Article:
Jones also believes the recent prison protests at the St. Louis Justice Center would've gone down differently if he were in charge. In fact, he says they wouldn't have happened.

"We would've never gotten there, because my No. 1 position is that we should not close the Workhouse because we have not had data to substantiate closing the Workhouse. I've said it four years ago; I'm lamenting it now, when everyone's saying we should close it," he says.

Activist organizations have put together detailed reports on the closing the 55-year-old jail — officially known as the Medium Security Institution — including budget breakdowns for redirecting funding towards better staffing at the new downtown jail and social programs to combat the roots of crime as they push city officials to move forward with closure plans. Through the pandemic, the city's jail population decreased sharply and the majority of remaining detainees were shifted to the City Justice Center.

Jones says that he would have kept the Workhouse fully operating to head off any overcrowding at the City Justice Center. He claims that this would have prevented the protests. Advocates for detainees say the inmates were revolting against a range of problems, including inadequate COVID-19 protections and harsh treatment by guards. City officials deny those incarcerated in the jail have been mistreated and align with Jones on the theme of overcrowding.

"Four years ago, if I had been mayor, I would've taken care of that issue so that we could move on to the more pressing things, like providing optimum municipal services to our citizens," Jones explains.

Jones, who along with Board of Alderman President Lewis Reed has been endorsed by the St. Louis Police Officers Association, has made ending violent crime the focus of his campaign, saying that "after you get that done, everything else falls in line."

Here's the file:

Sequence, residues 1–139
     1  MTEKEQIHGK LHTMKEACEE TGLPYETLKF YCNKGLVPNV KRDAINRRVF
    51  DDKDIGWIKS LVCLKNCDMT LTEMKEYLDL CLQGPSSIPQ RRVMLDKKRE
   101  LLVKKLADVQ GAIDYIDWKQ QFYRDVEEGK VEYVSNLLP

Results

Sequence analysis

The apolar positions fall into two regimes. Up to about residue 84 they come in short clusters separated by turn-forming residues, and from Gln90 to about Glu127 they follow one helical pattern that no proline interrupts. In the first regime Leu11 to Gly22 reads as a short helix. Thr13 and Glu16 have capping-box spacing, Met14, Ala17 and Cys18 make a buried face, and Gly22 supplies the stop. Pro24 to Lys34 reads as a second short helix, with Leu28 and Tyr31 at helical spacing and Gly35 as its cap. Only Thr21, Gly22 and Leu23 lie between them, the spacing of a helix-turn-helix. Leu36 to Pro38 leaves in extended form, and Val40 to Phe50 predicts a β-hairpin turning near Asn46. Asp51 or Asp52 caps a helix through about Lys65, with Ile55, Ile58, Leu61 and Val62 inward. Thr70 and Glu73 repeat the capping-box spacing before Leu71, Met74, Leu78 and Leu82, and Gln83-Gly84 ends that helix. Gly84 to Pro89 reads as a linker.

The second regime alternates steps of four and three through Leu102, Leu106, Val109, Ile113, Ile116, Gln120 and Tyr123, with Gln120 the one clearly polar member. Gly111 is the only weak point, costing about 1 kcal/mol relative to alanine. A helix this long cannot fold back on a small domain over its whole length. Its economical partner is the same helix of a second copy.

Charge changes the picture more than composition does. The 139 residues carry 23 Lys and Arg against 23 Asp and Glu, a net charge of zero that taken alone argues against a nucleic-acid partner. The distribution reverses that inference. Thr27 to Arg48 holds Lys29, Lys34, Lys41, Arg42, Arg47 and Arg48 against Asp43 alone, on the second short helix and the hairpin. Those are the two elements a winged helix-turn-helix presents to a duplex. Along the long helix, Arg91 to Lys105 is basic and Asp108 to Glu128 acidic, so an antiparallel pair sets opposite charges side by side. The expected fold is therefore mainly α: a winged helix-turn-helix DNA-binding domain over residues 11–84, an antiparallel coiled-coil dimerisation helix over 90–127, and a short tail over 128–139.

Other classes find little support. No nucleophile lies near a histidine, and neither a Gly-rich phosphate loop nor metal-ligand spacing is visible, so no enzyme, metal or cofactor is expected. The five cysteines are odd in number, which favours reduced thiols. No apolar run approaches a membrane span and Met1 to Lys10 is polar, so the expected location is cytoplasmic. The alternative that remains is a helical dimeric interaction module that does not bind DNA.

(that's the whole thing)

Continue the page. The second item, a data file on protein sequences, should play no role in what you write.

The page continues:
However, when asked how he would accomplish that, Jones struggles for specifics. He says increasing police funding and backing the blue could be vital. Jones also says that most violent crimes in St. Louis are committed by a small group of people, all of whom are involved with drugs and gangs. He believes that current city leadership knows exactly who these offenders are but they're too afraid of political backlash to have them arrested.

In Jones' telling, city officials worry about pushback after "all the things that happened this summer, from people burning and rioting in all of these cities because of George Floyd's issue and the other things that have happened. They don't want that backlash."

If he had the opportunity, Jones says, he would arrest them all on his first day in office, as these criminals "can't be saved by social workers" or even "Dr. Phil." It's unclear how he would make that happen.

Jones' positions break sharply from the platforms of the other candidates in the race, particularly Alderwoman Cara Spencer and Treasurer Tishaura Jones who support closing the Workhouse and have advocated for criminal justice reform as opposed to a police crackdown. While promoting conservative Republican talking points (largely the same platform from his 2017 mayoral run), he insists he is a non-partisan candidate.

So far, he's tracking behind his opponents. A recent poll by Democratic consulting group Show Me Victories showed him in last place with 5 percent of respondents naming Jones as their first choice.

Jones is undeterred. He says, "I will continue to be successful at any endeavor that I get involved with."

— Riley Mack

Editor's note: This story was altered after publication to correct the number of Lewis Reed siblings and to note that his campaign contests the story's description of his role in the fight over airport privatization back.